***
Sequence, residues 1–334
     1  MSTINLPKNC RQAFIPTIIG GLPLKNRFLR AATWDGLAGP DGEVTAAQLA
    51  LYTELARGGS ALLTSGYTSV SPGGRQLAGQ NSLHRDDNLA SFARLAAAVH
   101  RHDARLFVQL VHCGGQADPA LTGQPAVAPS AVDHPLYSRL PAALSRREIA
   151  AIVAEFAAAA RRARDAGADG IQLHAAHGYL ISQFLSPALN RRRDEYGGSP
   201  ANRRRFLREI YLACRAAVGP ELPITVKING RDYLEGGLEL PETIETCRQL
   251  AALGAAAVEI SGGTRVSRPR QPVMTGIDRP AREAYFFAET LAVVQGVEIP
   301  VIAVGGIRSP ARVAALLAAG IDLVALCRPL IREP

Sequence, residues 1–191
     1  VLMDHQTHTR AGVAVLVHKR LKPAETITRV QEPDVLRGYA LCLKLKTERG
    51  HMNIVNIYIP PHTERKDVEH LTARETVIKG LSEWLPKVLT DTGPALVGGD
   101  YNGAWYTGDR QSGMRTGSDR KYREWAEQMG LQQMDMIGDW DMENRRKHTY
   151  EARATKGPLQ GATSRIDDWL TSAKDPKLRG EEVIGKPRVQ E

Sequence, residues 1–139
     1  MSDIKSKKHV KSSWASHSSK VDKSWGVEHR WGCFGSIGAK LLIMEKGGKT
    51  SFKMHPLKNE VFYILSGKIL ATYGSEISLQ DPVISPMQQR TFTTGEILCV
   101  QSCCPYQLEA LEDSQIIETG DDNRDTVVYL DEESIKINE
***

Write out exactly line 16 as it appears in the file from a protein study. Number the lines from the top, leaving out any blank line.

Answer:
    51  SFKMHPLKNE VFYILSGKIL ATYGSEISLQ DPVISPMQQR TFTTGEILCV